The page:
A Bergen County doctor who became notorious as the “El Chapo of Opioids” admitted in federal court Monday that he randomly wrote prescriptions for oxycodone, Percocet and more with no questions asked and then tried to cover his tracks.
Robert Delagente, 45, of Oakland, “knowingly prescribed for his patients some of the most dangerous and addictive drugs available, sometimes with no more contact than a text message from the patient,” U.S. Attorney Craig Carpenito said after Delagente pleaded guilty in federal court in Newark to illegally selling the drugs, falsifying records and conspiracy.
“Many of these patients were dealing with pain and addiction, and instead of getting help from their doctor, they were drawn deeper into the cycle of drug abuse,” Carpenito added.
Beginning in May 2014, Delagente was a doctor at North Jersey Family Medicine (NJFM) in Oakland, the U.S. attorney said.
He described himself in conversations as the “Candy Man” and the “El Chapo of Opioids” and freely prescribed oxycodone, Percocet, Tylenol with codeine and various benzodiazepines (alprazolam, diazepam, clonazepam, and temazepam) “outside the ordinary course of professional practice and without a legitimate medical purpose,” Carpenito said.
Delagente did so most time without ever seeing the patient or even discussing the medical need for the drugs, he added.
He left prescriptions at the front desk, “without requiring an office visit or consultation of any kind,” Carpenito said.
Delagente prescribed the dangerous drug combination known as the “Holy Trinity,” comprised of opioids (usually oxycodone), benzodiazepines (usually alprazolam) and muscle relaxers (usually carisoprodol), the U.S. attorney said.
He didn’t monitor patients for addiction and ignored drug screening tests to determine whether certain patients were taking illegal drugs, either, Carpenito said.
“In fact, Delagente prescribed controlled substances to patients he knew were addicted to opioids or other controlled substances,” he said.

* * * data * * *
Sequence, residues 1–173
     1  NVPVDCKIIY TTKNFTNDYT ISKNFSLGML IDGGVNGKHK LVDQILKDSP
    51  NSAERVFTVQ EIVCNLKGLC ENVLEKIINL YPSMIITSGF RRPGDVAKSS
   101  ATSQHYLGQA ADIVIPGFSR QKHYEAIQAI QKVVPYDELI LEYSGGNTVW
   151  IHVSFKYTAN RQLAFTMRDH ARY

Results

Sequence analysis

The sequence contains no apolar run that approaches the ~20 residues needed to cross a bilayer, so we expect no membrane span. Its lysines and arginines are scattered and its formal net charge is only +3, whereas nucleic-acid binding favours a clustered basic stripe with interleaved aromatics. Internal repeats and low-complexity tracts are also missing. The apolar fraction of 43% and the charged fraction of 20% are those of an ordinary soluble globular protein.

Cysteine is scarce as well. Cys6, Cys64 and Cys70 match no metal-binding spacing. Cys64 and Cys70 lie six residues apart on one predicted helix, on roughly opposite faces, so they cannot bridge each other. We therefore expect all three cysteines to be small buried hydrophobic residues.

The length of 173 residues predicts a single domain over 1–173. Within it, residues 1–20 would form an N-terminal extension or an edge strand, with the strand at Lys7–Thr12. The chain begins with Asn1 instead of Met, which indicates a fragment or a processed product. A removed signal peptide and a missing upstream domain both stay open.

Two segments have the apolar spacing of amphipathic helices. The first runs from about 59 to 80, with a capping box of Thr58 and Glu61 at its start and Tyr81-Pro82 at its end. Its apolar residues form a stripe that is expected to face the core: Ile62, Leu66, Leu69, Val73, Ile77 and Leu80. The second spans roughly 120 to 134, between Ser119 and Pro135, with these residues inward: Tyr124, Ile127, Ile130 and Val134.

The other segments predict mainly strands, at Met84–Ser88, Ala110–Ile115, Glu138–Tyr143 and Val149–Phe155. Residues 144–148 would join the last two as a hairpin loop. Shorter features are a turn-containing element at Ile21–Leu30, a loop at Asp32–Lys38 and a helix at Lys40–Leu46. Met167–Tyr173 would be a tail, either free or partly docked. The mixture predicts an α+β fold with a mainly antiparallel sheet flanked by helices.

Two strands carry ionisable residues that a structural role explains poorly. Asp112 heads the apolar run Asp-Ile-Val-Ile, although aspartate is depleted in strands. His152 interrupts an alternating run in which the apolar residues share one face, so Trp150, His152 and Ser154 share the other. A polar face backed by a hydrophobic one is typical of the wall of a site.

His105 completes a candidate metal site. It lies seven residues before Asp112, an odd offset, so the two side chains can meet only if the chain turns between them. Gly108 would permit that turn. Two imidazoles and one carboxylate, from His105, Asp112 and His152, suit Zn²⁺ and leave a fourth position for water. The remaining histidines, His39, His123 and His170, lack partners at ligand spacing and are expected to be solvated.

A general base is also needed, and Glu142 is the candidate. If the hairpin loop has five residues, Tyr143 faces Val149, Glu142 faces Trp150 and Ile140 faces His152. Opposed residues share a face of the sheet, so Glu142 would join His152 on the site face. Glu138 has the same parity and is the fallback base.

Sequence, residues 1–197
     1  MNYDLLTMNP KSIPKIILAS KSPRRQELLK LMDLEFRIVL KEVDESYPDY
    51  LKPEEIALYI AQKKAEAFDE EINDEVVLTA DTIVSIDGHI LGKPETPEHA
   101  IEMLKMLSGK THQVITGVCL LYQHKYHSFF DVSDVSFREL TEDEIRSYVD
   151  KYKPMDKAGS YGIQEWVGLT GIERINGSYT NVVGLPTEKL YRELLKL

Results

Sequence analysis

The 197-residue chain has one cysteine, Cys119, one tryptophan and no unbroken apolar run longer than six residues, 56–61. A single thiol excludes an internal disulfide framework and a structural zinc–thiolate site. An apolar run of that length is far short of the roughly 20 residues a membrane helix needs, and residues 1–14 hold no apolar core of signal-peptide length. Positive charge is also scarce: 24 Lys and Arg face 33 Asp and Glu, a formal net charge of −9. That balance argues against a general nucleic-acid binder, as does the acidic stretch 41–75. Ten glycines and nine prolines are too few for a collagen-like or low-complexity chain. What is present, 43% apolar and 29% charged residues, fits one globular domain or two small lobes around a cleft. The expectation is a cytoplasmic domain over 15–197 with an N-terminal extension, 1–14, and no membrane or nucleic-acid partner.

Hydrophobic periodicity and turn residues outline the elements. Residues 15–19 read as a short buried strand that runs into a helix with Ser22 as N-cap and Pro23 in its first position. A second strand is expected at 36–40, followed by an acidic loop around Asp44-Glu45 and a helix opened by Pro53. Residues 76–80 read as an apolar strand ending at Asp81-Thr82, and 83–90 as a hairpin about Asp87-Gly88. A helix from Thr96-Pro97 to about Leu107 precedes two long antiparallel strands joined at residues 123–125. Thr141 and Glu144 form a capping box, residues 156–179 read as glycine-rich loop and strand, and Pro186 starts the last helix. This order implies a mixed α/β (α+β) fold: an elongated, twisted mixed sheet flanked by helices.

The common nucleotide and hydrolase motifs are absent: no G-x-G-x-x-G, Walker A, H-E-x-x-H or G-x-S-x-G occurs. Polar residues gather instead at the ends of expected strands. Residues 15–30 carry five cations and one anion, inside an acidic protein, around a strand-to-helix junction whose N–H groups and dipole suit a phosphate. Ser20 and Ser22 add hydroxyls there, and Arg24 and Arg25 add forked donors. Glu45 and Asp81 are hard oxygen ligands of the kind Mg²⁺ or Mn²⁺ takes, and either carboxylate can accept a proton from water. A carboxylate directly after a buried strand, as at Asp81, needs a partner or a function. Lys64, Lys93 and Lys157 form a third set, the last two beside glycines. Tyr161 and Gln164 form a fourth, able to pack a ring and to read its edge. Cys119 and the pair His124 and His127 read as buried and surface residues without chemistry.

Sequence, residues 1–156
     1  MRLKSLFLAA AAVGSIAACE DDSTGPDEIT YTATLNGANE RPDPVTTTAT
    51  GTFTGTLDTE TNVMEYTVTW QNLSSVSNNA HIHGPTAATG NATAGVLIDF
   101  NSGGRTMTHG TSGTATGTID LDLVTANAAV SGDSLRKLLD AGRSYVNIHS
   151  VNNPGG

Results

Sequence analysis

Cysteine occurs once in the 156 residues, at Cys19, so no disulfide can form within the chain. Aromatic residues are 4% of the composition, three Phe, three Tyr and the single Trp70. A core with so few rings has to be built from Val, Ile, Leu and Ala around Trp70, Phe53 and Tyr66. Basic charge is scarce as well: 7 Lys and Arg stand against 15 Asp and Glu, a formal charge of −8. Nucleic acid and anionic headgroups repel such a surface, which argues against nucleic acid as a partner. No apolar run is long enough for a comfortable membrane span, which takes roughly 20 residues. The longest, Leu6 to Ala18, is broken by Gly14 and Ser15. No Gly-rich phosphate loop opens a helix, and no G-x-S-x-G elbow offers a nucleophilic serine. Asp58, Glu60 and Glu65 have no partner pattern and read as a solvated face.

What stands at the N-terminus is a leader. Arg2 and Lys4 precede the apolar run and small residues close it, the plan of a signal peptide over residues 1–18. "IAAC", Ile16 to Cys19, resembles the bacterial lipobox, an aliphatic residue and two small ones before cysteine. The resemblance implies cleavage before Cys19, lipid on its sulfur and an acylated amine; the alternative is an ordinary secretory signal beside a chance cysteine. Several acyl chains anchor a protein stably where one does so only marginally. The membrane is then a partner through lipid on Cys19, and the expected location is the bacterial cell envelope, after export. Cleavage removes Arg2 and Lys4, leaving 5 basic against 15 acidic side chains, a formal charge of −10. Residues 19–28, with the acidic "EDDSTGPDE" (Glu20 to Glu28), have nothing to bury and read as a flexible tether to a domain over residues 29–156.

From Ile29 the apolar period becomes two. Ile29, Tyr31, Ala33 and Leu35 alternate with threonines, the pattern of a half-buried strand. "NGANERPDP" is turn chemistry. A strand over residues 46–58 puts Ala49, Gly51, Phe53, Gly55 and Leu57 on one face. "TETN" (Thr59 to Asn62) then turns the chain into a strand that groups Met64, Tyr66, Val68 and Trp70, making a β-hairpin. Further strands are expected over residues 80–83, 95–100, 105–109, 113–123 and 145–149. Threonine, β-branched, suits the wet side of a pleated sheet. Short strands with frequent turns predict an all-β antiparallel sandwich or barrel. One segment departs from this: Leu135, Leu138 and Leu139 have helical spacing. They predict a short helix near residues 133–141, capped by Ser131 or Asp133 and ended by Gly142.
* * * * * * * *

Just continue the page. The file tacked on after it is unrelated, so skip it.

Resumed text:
In one instance, an NJFM employee texted Delagente that a patient had gotten a babysitter and driven a long distance to get to the practice but had been unable to see a doctor, a complaint on file in U.S. District Court in Newark says.
Delagente allegedly responded: “Oh well … C’est la vie! Lol … He can wait for his oral heroin another day. Lol.”
One patient texted Delagente that the patient “probably can’t stop the pk’s,” referring to painkillers, the complaint says.
The patient told Delagente that the patient “would need a plan to stop…not cold turkey,” it ways.
A few days later, when the patient was having trouble obtaining pain medication, the patient wrote to Delagente that “If I go 4 days without [painkillers] I am in huge trouble.”
Delagente allegedly responded: “I will leave you a short supply RX [prescription] at the front to pick up.”
Delagente then wrote the patient a prescription for 120 tablets of 30-milligram oxycodone for 30 days, the complaint says.
Delagente allegedly told this patient: “I’m literally sticking my neck out and can lose my medical license or [be] arrested for what I just did.”
Delagente on Monday also admitted altering medical records of patients who received drug prescriptions from him after law enforcement officials had subpoenaed the records in late April 2019.
U.S. District Judge Claire C. Cecchi scheduled sentencing for June 10.
Carpenito credited special agents of the FBI with the investigation leading to Monday’s guilty plea, secured by Assistant U.S. Attorneys Jason S. Gould of the Health Care Fraud Unit and Sean M. Sherman of the Opioids Unit in Newark.
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